In 1958, the parties exchanged land within Section 10. Ann granted to Thomas McDermott “[t]he East one-half of the Southwest Quarter and the West one-half of the Southeast Quarter of Section 10,” except for “any portion of the 107.27 acre parcel of land lying within the above described premises.” The grant deed provided a detailed description of the excepted 107.27 acres as “[b]eginning at a point on the West line of Section 10.” The description included portions “along the South line of Section 10 to the Southwest corner of Section 10,” and then turned north “along the West line of Section 10 to the point of beginning, containing 107.27 acres, more or less.” Thomas executed a corresponding grant deed granting Ann the excluded parcel.
The civil engineering firm R.W. Siegfried and Associates prepared a property description and a sketch of the Connolly parcel. The sketch (referred to as the Siegfried drawing) included markings for the fence lines on the southern and western borders of the Connolly parcel, noting “Fence on Section Line.” In an accompanying letter (referred to as the Siegfried letter), the firm representative described the parcel as the “portion of Section 10 lying southerly and westerly of Carnegie Ridge. The description follows our traverse line along Carnegie Ridge and along the fence lines on the south and west sides of the parcel. The above fence lines are assumed to be the south and west Section lines of Section 10 respectively.”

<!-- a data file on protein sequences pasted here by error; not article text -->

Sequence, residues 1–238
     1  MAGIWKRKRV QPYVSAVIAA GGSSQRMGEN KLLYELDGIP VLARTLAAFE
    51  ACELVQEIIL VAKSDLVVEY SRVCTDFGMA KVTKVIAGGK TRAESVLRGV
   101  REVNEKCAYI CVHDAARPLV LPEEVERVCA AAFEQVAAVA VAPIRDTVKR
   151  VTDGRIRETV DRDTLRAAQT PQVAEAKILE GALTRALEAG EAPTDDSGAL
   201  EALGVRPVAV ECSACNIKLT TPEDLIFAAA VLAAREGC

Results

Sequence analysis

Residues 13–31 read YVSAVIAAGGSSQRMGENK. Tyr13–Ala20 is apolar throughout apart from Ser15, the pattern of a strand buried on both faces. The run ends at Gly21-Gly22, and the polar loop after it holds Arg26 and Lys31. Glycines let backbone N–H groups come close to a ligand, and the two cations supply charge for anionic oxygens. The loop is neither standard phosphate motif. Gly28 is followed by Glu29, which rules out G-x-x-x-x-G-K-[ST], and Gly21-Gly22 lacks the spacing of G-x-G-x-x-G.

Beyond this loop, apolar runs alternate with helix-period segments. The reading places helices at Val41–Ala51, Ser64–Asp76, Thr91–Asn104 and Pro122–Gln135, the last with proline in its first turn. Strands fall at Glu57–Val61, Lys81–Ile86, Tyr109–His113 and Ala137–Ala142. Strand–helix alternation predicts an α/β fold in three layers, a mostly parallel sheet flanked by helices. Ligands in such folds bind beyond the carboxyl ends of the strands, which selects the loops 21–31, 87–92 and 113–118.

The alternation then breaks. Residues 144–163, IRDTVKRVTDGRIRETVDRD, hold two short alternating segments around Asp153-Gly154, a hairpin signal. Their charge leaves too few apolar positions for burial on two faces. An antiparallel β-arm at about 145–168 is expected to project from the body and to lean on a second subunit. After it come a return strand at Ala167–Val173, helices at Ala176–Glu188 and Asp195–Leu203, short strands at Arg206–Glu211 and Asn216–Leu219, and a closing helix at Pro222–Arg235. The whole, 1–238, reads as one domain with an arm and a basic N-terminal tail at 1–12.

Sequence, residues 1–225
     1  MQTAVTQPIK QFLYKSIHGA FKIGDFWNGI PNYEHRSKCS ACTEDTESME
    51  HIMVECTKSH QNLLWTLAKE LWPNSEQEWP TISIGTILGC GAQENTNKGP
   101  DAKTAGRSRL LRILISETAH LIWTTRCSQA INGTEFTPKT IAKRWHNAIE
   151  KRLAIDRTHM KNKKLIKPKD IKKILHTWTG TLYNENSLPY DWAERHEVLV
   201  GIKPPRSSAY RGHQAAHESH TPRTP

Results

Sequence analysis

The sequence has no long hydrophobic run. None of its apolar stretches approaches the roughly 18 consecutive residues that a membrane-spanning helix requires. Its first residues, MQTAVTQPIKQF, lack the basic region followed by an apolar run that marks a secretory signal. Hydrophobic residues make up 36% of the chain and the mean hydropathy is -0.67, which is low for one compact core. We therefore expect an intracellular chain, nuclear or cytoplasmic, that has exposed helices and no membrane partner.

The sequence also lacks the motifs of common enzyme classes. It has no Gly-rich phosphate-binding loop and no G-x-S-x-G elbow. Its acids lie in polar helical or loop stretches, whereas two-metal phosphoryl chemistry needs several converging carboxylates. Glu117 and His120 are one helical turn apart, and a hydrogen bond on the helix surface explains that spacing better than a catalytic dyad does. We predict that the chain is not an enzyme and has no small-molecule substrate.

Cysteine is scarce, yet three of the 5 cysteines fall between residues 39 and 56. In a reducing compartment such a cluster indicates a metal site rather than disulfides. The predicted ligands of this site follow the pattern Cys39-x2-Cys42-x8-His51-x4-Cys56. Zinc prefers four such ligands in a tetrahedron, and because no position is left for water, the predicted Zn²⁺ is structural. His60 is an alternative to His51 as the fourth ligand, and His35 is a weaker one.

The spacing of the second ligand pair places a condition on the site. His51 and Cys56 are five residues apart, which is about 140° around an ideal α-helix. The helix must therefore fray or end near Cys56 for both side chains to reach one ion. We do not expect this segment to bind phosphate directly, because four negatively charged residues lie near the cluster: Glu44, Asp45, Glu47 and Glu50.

2. The 1983 litigation, 2009 survey, and instant litigation
In 1983, the Connollys filed suit against the McDermotts seeking to quiet title to an easement that passed through McDermott's portion of Section 10. The trial court in the 1983 action ultimately denied the Connollys’ claim. Mark, who represented Connolly and Ann's estate in the 1983 litigation, testified at trial that there was no dispute about the 1958 transaction in 1983. Mark did not recall whether he had an interest in Connolly at the time of the 1983 litigation. There was a drawing prepared for the 1983 litigation stating that the Connolly parcel in Section 10 was 107 acres; Mark testified at trial that the diagram had nothing to do with the issues disputed in the current action.
In 2009, the fence on the western side of Section 10 was damaged in a fire. McDermott hired Jon Lamb to survey the area so that the fence could be rebuilt on the section line. After Lamb discovered that the fence was not originally built on the section lines, he was hired to establish the boundaries of Section 10. Lamb was not aware of any survey of Section 10 prior to 2009. Lamb testified at trial that before his survey, the only other way to determine the boundaries of Section 10 would have been to refer to the United States Geological Survey (USGS) quad sheets. However, the USGS maps would not show the acreage.
In 2013, McDermott filed suit to quiet title to the portions of Section 10 that it argued were deeded to it. McDermott also claimed ejectment and damages, declaratory relief, breach of implied contract and unjust enrichment, and trespass. Connolly cross-complained, seeking to quiet title to the disputed portions of Section 10 and for declaratory relief. Connolly also sought attorney's fees. In July 2015, the trial court granted Connolly's motion for summary judgment as to McDermott's claims of breach of implied contract/unjust enrichment and trespass.